CDC relaxes distance requirements in schools from 6 to 3 feet

Erika Edwards
·3 min read

The Centers for Disease Control and Prevention on Friday relaxed physical distancing requirements for children in school, from 6 feet to 3 feet — a change aimed at allowing more students to be inside classrooms.

The recommendations come with a few caveats. Teachers and other adult school staff must still adhere to the 6 feet guidelines, and face coverings remain mandatory.

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"These recommendations are specific to students in classrooms with universal mask wearing," CDC director Dr. Rochelle Walensky said during a briefing Friday.

The change comes amid a massive push to get kids back in the classroom, from lawmakers to parents.

Multiple studies have shown increases in depression and anxiety among children during the pandemic. And a survey from NBC News and Challenge Success, a nonprofit affiliated with the Stanford Graduate School of Education, found lower stress levels among students who have been able to spend time in the classroom, compared with peers who are virtual learning exclusively.

"The benefits of in-person instruction are well-recognized," Walensky said. "School should be the last place to close and the first place to open."

For elementary school students, the CDC now recommends a physical distance of 3 feet. The same rules apply to middle and high school students, unless they live in an area where Covid-19 is spreading at a high rate, in which case distances of 6 feet should be maintained.

And for all students, no matter the rate of community spread, distances of 6 feet should still be followed in settings where masks cannot be worn, such as lunchtime, the CDC said, as well as during activities like choir, band or intense sports that involve greater exhalation. Those activities should take place outdoors or in large, well-ventilated spaces when possible.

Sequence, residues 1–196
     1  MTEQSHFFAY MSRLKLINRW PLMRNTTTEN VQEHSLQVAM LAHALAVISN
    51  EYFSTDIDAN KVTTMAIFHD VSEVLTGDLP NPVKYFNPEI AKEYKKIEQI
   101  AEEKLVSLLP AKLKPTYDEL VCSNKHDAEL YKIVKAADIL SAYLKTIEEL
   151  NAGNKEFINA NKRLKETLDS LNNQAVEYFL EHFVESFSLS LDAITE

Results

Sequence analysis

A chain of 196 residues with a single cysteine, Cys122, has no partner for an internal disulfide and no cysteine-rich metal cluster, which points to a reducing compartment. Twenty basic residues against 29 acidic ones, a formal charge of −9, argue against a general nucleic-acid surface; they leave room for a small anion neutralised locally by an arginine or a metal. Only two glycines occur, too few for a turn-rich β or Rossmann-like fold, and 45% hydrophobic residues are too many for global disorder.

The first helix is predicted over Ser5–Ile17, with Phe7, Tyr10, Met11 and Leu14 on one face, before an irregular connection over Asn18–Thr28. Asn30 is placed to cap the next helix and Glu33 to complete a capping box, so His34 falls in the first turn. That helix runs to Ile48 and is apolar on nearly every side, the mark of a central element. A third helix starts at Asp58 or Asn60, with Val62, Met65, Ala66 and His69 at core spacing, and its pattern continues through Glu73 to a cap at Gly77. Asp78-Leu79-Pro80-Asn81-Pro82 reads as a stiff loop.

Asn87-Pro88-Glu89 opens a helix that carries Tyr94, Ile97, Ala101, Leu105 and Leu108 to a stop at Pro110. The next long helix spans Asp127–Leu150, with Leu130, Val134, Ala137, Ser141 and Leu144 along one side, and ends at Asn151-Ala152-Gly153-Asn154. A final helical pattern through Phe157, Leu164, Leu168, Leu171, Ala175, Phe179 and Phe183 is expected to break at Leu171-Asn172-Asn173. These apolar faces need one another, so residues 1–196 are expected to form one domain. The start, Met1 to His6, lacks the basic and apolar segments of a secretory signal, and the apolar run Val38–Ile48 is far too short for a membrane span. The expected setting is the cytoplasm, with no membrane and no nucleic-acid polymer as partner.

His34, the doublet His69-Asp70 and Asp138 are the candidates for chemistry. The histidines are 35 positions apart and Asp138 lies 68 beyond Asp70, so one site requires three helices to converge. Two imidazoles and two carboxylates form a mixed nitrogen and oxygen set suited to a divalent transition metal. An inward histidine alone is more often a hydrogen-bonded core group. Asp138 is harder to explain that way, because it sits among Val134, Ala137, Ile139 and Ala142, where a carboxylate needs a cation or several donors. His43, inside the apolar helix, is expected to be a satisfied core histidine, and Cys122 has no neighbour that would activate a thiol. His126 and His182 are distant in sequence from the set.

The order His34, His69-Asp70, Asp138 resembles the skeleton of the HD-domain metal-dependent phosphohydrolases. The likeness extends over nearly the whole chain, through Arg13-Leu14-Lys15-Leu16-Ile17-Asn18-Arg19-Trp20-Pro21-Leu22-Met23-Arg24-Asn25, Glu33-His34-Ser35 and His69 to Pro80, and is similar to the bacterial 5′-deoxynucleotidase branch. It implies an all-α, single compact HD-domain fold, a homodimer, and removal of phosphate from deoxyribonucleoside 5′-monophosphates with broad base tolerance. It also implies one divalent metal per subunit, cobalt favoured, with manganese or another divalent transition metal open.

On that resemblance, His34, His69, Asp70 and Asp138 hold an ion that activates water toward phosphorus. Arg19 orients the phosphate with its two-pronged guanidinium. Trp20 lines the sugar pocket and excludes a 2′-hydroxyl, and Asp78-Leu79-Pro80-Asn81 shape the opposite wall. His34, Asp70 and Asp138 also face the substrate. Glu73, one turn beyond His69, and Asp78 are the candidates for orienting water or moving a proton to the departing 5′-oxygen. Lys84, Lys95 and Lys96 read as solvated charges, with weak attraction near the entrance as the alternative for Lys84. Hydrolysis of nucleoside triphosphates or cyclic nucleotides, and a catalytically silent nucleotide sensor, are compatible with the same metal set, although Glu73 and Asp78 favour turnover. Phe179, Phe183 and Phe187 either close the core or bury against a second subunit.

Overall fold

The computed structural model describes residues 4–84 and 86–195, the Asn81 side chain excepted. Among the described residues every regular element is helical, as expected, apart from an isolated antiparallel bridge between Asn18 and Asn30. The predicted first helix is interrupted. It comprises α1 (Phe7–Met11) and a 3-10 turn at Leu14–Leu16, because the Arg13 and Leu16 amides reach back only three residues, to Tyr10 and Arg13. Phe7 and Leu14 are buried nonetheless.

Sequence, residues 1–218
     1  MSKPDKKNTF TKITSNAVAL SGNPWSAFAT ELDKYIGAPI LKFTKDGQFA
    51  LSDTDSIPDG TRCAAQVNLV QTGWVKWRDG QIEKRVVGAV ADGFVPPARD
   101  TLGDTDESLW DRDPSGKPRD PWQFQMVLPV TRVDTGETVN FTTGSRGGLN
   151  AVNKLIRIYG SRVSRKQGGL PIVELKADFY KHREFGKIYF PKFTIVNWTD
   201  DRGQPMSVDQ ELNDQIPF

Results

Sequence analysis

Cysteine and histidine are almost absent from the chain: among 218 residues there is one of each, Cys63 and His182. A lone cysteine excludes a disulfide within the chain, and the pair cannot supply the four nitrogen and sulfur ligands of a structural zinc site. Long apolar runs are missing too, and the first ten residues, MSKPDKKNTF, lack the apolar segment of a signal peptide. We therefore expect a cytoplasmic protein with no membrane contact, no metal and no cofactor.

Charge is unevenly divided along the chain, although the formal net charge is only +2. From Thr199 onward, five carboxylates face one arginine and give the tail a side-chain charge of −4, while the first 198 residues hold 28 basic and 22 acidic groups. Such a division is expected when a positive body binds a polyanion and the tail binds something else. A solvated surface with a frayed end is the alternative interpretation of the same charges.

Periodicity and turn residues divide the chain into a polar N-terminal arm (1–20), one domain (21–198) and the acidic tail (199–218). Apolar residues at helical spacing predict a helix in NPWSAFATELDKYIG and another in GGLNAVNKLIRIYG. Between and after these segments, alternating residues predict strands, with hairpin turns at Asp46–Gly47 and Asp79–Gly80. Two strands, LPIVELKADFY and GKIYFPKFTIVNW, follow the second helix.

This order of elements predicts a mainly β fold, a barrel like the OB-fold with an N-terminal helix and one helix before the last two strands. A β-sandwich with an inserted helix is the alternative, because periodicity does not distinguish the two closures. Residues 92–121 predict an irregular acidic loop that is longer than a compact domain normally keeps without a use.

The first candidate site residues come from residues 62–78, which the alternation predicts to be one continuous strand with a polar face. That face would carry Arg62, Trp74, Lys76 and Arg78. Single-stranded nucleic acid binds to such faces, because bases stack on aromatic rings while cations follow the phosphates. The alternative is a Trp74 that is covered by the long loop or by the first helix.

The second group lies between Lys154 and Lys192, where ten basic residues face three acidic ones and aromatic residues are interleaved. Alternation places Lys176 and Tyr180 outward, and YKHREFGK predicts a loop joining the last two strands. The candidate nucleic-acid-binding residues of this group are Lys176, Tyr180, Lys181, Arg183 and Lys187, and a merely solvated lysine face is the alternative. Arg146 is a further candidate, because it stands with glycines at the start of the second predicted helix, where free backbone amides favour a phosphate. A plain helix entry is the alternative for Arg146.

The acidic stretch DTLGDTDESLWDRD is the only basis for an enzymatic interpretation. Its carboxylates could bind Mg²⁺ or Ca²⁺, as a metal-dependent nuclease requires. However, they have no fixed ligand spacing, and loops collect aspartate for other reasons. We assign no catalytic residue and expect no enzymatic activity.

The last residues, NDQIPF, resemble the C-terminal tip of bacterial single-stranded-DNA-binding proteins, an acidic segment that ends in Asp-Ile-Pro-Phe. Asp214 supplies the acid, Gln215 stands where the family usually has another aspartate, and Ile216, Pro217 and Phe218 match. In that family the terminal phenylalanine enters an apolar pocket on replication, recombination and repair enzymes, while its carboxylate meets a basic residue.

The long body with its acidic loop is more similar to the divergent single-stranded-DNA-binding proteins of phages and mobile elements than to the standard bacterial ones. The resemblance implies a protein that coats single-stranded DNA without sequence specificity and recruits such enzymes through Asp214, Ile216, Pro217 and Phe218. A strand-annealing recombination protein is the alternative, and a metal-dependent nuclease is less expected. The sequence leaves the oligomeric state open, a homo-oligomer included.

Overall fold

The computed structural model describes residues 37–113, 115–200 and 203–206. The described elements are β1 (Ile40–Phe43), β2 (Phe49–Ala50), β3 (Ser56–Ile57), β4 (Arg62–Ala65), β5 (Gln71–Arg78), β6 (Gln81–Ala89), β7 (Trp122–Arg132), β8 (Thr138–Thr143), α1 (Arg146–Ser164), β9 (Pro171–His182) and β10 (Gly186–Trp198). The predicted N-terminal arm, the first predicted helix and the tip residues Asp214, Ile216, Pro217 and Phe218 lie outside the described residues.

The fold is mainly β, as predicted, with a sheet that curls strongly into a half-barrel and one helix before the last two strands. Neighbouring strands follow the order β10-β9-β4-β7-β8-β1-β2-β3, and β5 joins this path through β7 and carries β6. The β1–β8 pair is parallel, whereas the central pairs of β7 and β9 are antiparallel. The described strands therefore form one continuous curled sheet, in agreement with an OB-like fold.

Dr. Robert Murphy, a professor of infectious diseases at Northwestern University Feinberg School of Medicine, said that for most scenarios, a distance of 3 feet "is the biggest bang for your buck" when it comes to reducing the spread of SARS-CoV-2, the virus that causes Covid-19.

Murphy noted several studies that provide evidence for the recommendation, including one published last week that compared rates of Covid-19 case rates among students and staff in Massachusetts public schools with different physical distancing requirements. Rates were similar whether the districts required physical distancing of 3 feet or 6 feet.

And a review of research published in The Lancet last year supported physical distancing of at least 3 feet, provided that people use proper face coverings. The World Health Organization also recommends a physical distance of 3 feet.

On Friday, the CDC also published a report on elementary schools in Utah that did not have space to adhere to the 6 feet distancing rule.

"Despite high community incidence and an inability to space students' classroom seats more than 6 feet apart," the researchers wrote, "this investigation found low SARS-CoV-2 transmission and no school-related outbreaks in 20 Salt Lake County elementary schools." Mask use was robust, at 86 percent.

The study concluded that the modified policy "resulted in over 1,200 student in-person learning days saved."

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For now, the 3 feet guidance is limited to children in school. But it poses an intriguing question for the rest of society, eager to resume normal activities and perhaps get back into an office setting.

Walensky said, however, that there is no scientific evidence to suggest reducing recommended distances between adults would be safe or effective.

"Our school studies have shown that when young children are masked, the distance of 3 feet is, in fact, safe and has a lower transmission risk," Walensky said during Friday's briefing. "For adults, we don't have that evidence, so we're continuing with the 6 foot guidance."

Meanwhile, children are in a controlled environment when in school, with teachers monitoring.

"If they're told to stay 3 feet away, if they're told to wear masks, they do it," Murphy said. "That's the thing about going to school. Kids follow the rules."

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